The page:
Legal Blindness

What is Legal Blindness?

Most people have heard of the term “legally blind” but do not actually know what it means. Most people use this term to describe their eyesight without the use of visual aids like glasses or corrective contact lenses. Others assume that it is a synonym for total blindness. Neither of these is true. Legal blindness is actually a level of visual impairment that is defined by law that limits allowed activities for safety reasons. It can also be used to determine eligibility for government-funded disability benefits. 

There are two types of legal blindness as defined by the U.S. Social Security Administration. Legal blindness due to reduced visual acuity and legal blindness due to visual field restriction. 

Reduced Visual Acuity

In the United States, we use the 20/20 Snellen System to test visual acuity. Visual acuity tests measure your central vision. If you have perfect vision (20/20) this means that the smallest letters that a person can see from a distance of 20 feet are the same size as someone with normal vision can see from a distance of 20 feet. In order to be considered legally blind, the visual acuity in your better eye, while you are wearing corrective lenses, must be 20/200 or worse. If your vision can be corrected with lenses to be better than 20/200, you are not considered legally blind.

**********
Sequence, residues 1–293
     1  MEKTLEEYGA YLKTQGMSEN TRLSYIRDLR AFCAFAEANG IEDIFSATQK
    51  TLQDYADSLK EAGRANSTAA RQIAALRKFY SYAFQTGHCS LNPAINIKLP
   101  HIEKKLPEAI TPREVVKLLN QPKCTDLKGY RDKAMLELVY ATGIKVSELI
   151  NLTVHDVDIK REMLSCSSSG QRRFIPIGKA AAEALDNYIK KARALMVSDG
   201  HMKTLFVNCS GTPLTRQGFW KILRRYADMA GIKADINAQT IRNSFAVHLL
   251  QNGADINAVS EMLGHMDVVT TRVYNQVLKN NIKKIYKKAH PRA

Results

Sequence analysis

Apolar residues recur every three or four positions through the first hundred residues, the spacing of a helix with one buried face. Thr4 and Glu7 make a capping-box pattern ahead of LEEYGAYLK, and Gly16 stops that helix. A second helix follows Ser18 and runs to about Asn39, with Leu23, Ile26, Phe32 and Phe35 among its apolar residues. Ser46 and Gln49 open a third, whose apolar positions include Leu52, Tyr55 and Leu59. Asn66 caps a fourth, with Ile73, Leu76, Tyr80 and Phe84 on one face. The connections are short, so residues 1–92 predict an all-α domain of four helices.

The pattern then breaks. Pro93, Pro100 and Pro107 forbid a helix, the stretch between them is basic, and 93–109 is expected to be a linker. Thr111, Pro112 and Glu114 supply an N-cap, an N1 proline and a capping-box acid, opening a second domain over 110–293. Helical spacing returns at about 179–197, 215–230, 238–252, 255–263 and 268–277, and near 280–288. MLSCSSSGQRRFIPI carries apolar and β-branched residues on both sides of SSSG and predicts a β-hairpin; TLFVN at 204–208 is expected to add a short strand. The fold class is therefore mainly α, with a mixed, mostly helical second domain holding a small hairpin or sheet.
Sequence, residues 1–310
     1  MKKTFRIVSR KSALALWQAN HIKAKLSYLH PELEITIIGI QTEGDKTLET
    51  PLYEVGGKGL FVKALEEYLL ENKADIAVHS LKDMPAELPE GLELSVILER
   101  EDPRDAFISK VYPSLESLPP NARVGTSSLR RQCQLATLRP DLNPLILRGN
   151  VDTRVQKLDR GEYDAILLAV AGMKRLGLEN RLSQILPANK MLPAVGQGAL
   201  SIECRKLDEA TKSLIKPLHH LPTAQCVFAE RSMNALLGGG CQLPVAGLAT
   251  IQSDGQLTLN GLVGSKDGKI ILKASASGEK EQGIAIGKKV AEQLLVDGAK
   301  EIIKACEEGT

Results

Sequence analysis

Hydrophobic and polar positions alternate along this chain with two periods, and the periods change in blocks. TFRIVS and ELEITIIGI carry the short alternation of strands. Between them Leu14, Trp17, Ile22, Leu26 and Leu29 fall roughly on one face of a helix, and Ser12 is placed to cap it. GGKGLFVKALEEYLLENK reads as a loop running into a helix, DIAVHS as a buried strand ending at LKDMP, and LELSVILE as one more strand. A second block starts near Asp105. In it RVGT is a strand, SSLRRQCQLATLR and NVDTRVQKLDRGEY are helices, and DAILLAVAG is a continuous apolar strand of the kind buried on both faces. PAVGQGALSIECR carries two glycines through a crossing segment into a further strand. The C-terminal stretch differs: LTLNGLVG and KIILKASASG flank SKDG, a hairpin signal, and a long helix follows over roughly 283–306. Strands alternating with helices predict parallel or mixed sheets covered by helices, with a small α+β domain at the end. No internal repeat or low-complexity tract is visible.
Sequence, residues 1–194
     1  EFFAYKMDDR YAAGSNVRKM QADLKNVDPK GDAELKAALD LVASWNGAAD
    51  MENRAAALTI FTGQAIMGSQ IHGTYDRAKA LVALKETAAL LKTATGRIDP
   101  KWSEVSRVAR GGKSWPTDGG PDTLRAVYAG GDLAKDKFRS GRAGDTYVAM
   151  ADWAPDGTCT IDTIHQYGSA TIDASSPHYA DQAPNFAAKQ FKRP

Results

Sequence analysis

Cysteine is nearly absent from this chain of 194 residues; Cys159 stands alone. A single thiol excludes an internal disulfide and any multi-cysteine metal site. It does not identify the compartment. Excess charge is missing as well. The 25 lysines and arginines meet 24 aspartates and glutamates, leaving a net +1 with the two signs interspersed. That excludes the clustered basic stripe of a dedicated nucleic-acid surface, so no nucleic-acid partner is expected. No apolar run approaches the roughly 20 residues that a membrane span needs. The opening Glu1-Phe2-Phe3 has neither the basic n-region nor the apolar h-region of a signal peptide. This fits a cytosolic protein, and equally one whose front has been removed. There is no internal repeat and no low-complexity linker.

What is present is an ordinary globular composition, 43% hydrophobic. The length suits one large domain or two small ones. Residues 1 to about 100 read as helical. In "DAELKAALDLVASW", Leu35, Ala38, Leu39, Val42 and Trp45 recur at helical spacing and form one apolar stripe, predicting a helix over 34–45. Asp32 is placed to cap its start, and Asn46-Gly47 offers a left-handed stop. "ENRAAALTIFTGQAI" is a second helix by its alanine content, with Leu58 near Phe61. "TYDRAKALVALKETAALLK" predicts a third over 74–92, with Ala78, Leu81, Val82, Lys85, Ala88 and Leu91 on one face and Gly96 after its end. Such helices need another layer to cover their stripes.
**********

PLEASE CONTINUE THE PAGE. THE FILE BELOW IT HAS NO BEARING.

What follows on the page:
Visual Field Restriction

The visual field restriction tests to see how wide your visual field is. Some people who have a great central vision, cannot notice someone right next to them in their peripheral vision. People with normal peripheral vision have a maximum lateral field of view that is close to 180 degrees. If your peripheral view is restricted to 20 degrees, then you are considered legally blind. 

Causes of Legal Blindness?

There are four leading causes of legal blindness in the United States. These are:

  • Age-related macular degeneration
  • Cataracts
  • Glaucoma
  • Diabetic retinopathy 

If you have one of these eye conditions, it is important that you get regular eye examinations with your ophthalmologist at the Boston Eye Group.

Resources Available

For people who are legally blind, there are many resources available to them to assist in their daily lives. If you have any questions concerning legal blindness contact Boston Eye Group. Our eye care specialists are available to help you find any resources that you may need.

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